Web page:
Skip to main content
Columnists
The best deal on the used car lot at Duval Motors this week in 1966 was $88 for a 1955 Nash Rambler. It was described as "a good fishing car."
Jax Daily Record Monday, Oct. 31, 201612:00 PM EST

50 years ago: Grand jury issues second wave of indictments against city officials

Share

A new wave of indictments charging bribery and acceptance of unauthorized compensation by previously indicted former city officials were handed down by the Duval County grand jury.

City Commissioner Claude Smith was named in five counts charging he accepted unauthorized compensation totaling $11,766 from an employee of a company that sold mechanical equipment to the city.

He previously had been named in five counts of accepting a bribe.

Former City Commissioner Dallas Thomas was hit with six new indictments charging acceptance of $5,613 from two heavy equipment companies.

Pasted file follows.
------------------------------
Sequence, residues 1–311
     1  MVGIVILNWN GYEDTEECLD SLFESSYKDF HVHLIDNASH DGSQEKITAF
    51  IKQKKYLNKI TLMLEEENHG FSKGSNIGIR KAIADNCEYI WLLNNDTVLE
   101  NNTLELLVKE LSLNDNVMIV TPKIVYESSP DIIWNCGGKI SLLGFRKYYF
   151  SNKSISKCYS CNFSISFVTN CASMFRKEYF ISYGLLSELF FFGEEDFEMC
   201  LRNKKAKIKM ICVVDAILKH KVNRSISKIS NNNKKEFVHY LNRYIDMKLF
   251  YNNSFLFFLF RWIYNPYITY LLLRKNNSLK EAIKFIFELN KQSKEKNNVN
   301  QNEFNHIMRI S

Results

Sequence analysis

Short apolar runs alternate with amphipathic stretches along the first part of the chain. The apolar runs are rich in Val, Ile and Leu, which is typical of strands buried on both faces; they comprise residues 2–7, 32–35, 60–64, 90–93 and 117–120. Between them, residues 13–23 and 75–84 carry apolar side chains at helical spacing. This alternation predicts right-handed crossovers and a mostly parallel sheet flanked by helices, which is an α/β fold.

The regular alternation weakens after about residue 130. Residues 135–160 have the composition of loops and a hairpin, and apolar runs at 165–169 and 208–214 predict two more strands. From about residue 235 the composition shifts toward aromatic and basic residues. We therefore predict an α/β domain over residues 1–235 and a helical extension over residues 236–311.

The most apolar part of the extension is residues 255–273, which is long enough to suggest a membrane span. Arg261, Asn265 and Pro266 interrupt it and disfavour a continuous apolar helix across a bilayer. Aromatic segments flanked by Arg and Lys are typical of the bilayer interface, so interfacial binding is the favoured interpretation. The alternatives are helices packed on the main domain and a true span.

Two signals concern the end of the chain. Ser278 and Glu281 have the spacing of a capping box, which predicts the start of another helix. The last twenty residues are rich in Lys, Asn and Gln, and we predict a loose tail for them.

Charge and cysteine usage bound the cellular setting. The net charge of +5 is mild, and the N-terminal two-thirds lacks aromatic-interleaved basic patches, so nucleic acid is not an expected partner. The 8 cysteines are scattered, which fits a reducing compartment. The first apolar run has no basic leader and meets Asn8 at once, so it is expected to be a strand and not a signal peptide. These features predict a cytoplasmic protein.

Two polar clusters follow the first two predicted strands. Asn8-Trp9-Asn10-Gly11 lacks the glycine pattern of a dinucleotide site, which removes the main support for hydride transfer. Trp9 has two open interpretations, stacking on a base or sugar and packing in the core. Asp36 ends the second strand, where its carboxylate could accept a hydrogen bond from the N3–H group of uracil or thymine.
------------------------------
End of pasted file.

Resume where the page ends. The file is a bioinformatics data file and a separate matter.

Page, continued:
He previously had been indicted on 40 counts of grand larceny of city funds totaling $23,766 over a five-year period.

Former recreation director George Robinson Sr. was indicted on a new count of accepting a $1,200 bribe, also from an employee of a heavy equipment company.

Robinson already was under indictment on one count of perjury, one count of conspiring to commit grand larceny and 27 counts of grand larceny from the city.

When the jury issued its final report, it recommended a complete revision of Jacksonville’s government structure to eliminate waste and the misuse of public funds.

Capping six months of criminal investigation that brought indictments against eight city officials, the panel called on the next grand jury that would be empaneled the following week to continue the investigation of various aspects of local government.

The group also urged the Legislature to look into changing the government’s organization.

“Any new structure should not vest in so few the virtually unlimited power and authority that the few in our government here have,” the jury said in its report.

• Owners of two private ambulance companies that had recently been formed in response to an expected ambulance service shortage feared they were in danger of going out of business due to too much competition.